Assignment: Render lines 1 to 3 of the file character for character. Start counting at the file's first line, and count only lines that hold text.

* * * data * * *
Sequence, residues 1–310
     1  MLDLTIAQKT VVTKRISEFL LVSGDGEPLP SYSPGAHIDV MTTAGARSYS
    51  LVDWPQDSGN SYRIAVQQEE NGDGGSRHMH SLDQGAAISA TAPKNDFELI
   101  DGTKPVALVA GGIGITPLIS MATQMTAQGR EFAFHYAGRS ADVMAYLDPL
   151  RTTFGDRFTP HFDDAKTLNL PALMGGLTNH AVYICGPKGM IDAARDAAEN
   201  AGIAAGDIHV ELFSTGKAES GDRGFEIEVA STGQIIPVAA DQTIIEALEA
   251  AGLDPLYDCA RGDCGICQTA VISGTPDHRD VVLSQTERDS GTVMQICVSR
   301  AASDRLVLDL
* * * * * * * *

Sequence, residues 1–310
     1  MLDLTIAQKT VVTKRISEFL LVSGDGEPLP SYSPGAHIDV MTTAGARSYS
    51  LVDWPQDSGN SYRIAVQQEE NGDGGSRHMH SLDQGAAISA TAPKNDFELI